Amid a COVID surge, WA hospital leaders wonder why fewer people seem to care


A wave of infections since mid-March has meant a steady increase in COVID-19 hospitalizations. But during this surge, fewer people seem to be talking about it.

And that has hospital officials showing some frustration as they fear Washingtonians might not fully understand the burden on public health.

Yes, most people are not getting as sick as they were during past peaks, Cassie Sauer, president of the Washington State Hospital Association, said in a Monday news briefing. And doctors and scientists have a better understanding of the disease now, as well as better access to antiviral drugs. Vaccination rates are also higher and new variants have, so far, been less severe.

That doesn’t mean people aren’t dying from COVID or suffering from long-term symptoms, hospital leaders said.

“It’s all the same stuff we’ve been doing all along. … And yet the community’s not feeling that at this point,” said Dr. David Carlson, chief physician officer at Tacoma-based MultiCare. “I don’t have a magic understanding of why that is other than there is just this enormous amount of fatigue, and COVID is not continually the story on the news today.”

Dr. Chris Baliga, infectious disease specialist at Virginia Mason Franciscan Health, added that people should not be surprised when they test positive for the virus now.

“[Washingtonians] are just not as aware of it as perhaps they could be,” he said.

Fortunately, Sauer said, current infection and hospitalization levels are still lower than they were during the state’s last omicron surge. At the end of last week, health care systems counted about 600 COVID patients in hospitals across the state — an increase of about 10% from the previous week, though nowhere near the peak of 1,700 COVID hospitalizations in a given week in early February, she said.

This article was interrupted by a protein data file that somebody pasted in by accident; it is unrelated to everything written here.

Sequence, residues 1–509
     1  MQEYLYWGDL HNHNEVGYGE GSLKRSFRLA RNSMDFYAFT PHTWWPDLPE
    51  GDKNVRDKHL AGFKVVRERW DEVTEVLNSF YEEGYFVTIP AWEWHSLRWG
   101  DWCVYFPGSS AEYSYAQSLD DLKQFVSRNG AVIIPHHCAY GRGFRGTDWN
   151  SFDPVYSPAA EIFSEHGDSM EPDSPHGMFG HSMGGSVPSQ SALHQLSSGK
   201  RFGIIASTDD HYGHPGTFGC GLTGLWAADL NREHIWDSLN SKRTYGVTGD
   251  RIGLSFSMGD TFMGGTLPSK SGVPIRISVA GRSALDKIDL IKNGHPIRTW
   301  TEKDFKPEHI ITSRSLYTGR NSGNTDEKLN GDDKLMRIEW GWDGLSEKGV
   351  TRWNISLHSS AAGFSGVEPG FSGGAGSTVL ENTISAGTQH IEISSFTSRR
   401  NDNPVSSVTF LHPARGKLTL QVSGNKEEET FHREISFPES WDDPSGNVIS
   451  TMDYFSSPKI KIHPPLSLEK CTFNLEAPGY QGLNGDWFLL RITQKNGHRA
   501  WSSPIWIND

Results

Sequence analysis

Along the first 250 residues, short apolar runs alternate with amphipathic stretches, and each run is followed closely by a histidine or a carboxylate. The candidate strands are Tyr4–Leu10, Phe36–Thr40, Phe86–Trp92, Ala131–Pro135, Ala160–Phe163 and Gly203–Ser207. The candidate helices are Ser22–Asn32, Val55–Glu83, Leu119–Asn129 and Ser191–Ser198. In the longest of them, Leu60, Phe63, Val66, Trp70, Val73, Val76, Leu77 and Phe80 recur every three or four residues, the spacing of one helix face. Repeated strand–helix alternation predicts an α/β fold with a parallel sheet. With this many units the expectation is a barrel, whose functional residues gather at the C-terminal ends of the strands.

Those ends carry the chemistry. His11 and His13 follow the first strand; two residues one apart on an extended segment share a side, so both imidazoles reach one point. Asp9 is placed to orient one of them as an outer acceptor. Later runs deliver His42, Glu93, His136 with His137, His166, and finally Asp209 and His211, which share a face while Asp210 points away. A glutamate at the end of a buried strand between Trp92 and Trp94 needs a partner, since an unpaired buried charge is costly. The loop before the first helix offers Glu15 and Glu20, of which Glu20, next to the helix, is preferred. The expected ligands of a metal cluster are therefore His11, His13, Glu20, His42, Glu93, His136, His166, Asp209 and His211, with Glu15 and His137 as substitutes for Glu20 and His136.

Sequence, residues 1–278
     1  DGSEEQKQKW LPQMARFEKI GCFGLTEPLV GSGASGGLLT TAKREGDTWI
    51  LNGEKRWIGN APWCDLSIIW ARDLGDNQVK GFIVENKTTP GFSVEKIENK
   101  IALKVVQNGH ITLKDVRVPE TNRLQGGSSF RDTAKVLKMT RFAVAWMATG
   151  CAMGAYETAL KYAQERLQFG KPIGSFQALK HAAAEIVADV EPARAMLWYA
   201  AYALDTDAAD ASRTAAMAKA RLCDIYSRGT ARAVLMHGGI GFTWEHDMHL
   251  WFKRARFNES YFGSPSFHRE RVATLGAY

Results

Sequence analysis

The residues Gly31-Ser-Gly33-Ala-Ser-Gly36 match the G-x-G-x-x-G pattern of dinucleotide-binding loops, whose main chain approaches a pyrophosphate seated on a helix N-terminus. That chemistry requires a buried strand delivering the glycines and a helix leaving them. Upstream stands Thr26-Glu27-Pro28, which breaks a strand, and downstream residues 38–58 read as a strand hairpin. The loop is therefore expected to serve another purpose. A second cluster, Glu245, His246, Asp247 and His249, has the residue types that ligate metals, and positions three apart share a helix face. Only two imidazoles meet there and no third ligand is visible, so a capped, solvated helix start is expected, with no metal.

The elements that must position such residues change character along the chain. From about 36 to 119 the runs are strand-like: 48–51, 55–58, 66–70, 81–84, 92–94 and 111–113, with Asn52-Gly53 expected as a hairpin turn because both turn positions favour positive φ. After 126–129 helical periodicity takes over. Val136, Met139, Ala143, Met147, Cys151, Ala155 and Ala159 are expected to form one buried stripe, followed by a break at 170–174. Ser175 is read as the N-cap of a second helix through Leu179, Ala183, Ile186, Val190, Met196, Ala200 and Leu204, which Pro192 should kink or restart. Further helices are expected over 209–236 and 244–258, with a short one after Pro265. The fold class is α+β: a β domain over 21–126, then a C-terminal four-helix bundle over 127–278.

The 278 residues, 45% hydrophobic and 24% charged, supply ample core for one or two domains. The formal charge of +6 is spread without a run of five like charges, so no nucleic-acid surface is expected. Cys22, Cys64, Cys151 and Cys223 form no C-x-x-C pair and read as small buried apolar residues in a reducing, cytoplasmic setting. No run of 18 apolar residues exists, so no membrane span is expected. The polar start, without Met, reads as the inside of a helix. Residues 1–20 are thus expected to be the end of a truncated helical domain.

The state is seeing less than one death a day, but several per week. About 20 to 25 COVID patients are on ventilators per day, compared to 100-plus in January.

At the end of last month, however, the state Department of Health recorded about 265 infections per 100,000 people, up from about 40 per 100,000 in mid-March and likely an undercount.

Last week, King County public health officer Dr. Jeff Duchin said on Twitter“It’s likely we’ll continue to experience intermittent surges (with) increases in cases & lesser increases in hospitalizations & deaths for many months.”

Hospitalizations could be slowing in some parts of the state, including in Clark, King and Snohomish counties, said Dr. Steve Mitchell, medical director of Harborview Medical Center’s emergency department. He added, though, that those rates are still rising in Pierce, Skagit, Spokane and Benton counties.

Mitchell also leads the Washington Medical Coordination Center, a system established when the pandemic began that serves as a clearinghouse for placing patients around the state when their nearest hospital can’t take them. In recent months, requests to the WMCC had been going down, but have doubled in the past few weeks, Mitchell said.

“This doubling of requests to our team represents that stress, which is rising in our health care system,” he said.

Although DOH reports average hospital capacity is about 91% full, several individual health care systems are overfilled — including MultiCare, which is operating at 120% capacity at all its Puget Sound area locations, according to Carlson.

While only a fraction of patients are admitted for COVID — most are in for delayed care and might test positive at the hospital — high community infection levels mean hospital staffers are regularly calling out sick, exacerbating worker shortages, he said.

Rising infection and hospitalization rates prompted Washington’s public health officials, including state Secretary of Health Dr. Umair Shah, to renew a push for indoor masking two weeks ago, but they stopped short of announcing new statewide mandates. On Monday, hospital leaders urged people to continue masking inside, staying socially distant and getting vaccinated.

Masks have become a “political problem as opposed to a public health problem,” Carlson said. “I think our public health officials need to think through what the most appropriate behaviors are, the things to do, as a mandate as opposed to a suggestion.”



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